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ABC's of DEATH by Andrew Tupling

On the whole, we horror people seem to be receptive to anthology films – from the Ealing Studio’s atypical Dead Of Night in 1945 to Doctor Terror’s House of Horrors twenty years later, the early – mid 70s output from Amicus, the hits (Creepshow, Twilight Zone: The Movie, the little seen and underrated After Midnight) and misses (Creepshow 2, The Monster Club) of the 80s, to the direct to VHS boom of the 90s (which contains some reasonably good entries into the canon) right up to Trick R Treat in 2007 and VHS and S-VHS last year and this – these films have been around as long as we’ve been old enough to watch films and before. We like them – they’re easy to dip in and out of for starters, some of them are snapshots of a period in time or a certain time of year – but we both recognise and forgive them for their unwritten rule – not all of the stories in any given portmanteau will be strong, but in most cases, twenty minutes, maybe half an hour later, that segment you don’t like will be over, and the one you really like will start. That’s the beauty of such films, they’re fluid, and if you grew up with The Twilight Zone, or Tales From The Crypt, Tales From The Darkside, The Outer Limits, Kolchak, Alfred Hitchcock Presents, you appreciate them all the more for reminding you of things you were passionate about growing up when needed all your entertainment to be wrapped up inside of 20-30 minutes so you could move on to your next adventure.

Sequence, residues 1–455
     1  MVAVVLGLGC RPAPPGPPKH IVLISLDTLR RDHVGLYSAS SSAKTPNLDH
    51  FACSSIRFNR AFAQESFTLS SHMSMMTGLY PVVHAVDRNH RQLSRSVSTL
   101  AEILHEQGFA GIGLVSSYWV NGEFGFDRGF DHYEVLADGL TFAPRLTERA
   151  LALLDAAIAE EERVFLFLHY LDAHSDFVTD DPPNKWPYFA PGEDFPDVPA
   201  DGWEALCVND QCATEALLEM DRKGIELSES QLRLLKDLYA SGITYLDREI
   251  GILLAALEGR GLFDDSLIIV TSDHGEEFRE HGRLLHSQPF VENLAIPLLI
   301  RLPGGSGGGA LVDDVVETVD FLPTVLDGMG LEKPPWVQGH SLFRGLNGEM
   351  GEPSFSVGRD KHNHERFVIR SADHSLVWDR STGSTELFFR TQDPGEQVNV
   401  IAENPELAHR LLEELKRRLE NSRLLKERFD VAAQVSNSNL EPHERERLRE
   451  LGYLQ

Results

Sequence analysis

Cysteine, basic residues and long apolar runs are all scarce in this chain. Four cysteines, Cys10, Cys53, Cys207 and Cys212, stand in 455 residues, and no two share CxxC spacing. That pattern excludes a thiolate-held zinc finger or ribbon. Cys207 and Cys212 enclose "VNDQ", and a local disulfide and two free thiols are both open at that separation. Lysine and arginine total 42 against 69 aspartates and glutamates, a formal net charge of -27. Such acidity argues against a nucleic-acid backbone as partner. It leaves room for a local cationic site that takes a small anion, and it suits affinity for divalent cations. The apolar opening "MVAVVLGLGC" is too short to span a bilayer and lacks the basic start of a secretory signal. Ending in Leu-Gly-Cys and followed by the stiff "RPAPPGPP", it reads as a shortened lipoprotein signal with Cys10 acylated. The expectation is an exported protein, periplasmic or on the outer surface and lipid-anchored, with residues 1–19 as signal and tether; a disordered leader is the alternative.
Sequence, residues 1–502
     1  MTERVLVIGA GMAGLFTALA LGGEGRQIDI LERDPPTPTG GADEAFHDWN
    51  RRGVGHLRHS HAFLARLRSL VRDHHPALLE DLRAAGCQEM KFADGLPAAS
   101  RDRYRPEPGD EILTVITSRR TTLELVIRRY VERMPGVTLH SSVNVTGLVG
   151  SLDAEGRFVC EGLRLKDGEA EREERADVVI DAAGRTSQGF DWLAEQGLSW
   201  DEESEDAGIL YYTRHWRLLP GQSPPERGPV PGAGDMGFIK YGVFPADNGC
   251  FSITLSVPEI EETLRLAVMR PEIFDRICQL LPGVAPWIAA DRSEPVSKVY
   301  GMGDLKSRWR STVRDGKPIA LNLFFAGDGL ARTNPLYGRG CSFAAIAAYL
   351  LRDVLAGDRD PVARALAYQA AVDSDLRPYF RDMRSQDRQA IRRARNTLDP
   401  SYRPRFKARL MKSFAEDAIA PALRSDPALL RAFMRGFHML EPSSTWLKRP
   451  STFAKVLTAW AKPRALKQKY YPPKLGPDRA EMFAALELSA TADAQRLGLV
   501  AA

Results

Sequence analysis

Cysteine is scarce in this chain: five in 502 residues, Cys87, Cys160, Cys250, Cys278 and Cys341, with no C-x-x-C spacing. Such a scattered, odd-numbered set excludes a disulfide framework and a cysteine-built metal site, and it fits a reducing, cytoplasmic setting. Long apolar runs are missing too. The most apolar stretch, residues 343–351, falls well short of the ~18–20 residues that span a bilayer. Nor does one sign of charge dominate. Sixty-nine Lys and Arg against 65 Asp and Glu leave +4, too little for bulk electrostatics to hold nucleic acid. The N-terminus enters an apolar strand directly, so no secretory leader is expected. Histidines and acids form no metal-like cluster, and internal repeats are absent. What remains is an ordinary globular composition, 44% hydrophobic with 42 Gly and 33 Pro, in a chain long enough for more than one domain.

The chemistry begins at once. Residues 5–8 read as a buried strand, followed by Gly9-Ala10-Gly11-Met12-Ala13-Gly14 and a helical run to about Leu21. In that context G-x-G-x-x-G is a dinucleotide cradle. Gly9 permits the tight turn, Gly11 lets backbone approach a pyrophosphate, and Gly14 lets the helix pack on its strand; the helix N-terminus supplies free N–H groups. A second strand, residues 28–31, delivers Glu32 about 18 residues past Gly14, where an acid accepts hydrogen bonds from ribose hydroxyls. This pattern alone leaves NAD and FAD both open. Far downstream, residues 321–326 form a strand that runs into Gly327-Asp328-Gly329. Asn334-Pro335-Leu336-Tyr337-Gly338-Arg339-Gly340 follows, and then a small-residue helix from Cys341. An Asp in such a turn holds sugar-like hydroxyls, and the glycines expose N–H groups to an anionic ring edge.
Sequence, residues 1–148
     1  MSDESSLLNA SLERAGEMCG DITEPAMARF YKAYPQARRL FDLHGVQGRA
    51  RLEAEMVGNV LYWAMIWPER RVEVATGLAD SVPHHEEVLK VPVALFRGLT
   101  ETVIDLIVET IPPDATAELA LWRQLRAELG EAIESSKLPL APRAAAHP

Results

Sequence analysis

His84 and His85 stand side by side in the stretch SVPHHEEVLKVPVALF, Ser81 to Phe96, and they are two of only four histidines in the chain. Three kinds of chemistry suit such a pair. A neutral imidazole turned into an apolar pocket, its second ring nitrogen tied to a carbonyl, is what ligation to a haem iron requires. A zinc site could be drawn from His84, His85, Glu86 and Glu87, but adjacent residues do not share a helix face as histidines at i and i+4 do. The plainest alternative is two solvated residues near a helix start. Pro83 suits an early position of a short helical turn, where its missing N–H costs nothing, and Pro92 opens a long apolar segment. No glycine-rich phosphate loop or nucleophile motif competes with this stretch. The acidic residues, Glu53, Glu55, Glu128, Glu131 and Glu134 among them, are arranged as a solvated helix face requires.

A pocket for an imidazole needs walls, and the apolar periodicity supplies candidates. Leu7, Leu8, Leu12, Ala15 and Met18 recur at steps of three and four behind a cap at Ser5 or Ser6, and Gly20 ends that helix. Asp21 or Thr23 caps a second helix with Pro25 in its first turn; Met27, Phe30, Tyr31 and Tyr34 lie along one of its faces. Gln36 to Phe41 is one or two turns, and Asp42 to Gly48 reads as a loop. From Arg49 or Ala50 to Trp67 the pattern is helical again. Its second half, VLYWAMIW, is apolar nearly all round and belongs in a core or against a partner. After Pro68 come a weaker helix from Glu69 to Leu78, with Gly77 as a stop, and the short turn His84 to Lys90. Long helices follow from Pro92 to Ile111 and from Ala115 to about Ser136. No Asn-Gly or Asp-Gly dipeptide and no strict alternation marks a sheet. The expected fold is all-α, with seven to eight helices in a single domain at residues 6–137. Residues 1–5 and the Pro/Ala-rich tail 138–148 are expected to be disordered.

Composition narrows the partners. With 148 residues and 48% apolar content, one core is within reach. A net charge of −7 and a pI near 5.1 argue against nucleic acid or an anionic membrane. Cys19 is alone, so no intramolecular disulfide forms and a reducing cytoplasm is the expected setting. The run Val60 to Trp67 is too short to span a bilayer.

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ABC's of Death
The Wickerman




The ABCs of Death is a little different to the norm though. Twenty-six segments, each representing a letter of the alphabet and a corresponding death-centric story, each filmed on a limited budget of $5000 by a different director (or, in the case of the letters O & Q, co-directors) who were given three instructions – include at least one death, keep things within the time remit, and begin and end with a spot of red. With a lot of alphabet to cover and a little over two hours to play with, each segment gets somewhere in the region of four minutes to tell its story. As such, its strength is also its weakness – if you don’t like one story, you don’t have long to wait until the next one comes along, but the flip side of that is if you find yourself really liking any given segment, it’s over just as it gets into its gear.

You might be able to guess just from glancing at the titles of each story (and the names of the directors) that it’ll be an eclectic mix, and it is. When The ABCs of Death works, it reallyworks, and when The ABCs of Death doesn’t work, it really doesn’t. Collectively, what you do have on show here is an incredible range of talent – a who’s who of genre cinema. In most cases, if you’re not familiar with some of the names on show (for the record - Kaare Andrews, Simon Barrett, Angela Bettis, Adrián García Bogliano, Bruno Forzani, Hélène Cattet, Ernesto Díaz Espinoza, Jason Eisener, Xavier Gens, Jorge Michel Grau, Lee Hardcastle, Noboru Iguchi, Thomas Cappelen Malling, Anders Morgenthaler, Yoshihiro Nishimura, Banjong Pisanthanakun, Simon Rumley, Marcel Sarmiento, Jon Schnepp, Srdjan Spasojevic, Timo Tjahjanto, Andrew Traucki, Nacho Vigalondo, Jake West, Ti West, Ben Wheatley, Adam Wingard, and Yudai Yamaguchi) then you’ll be familiar with their work.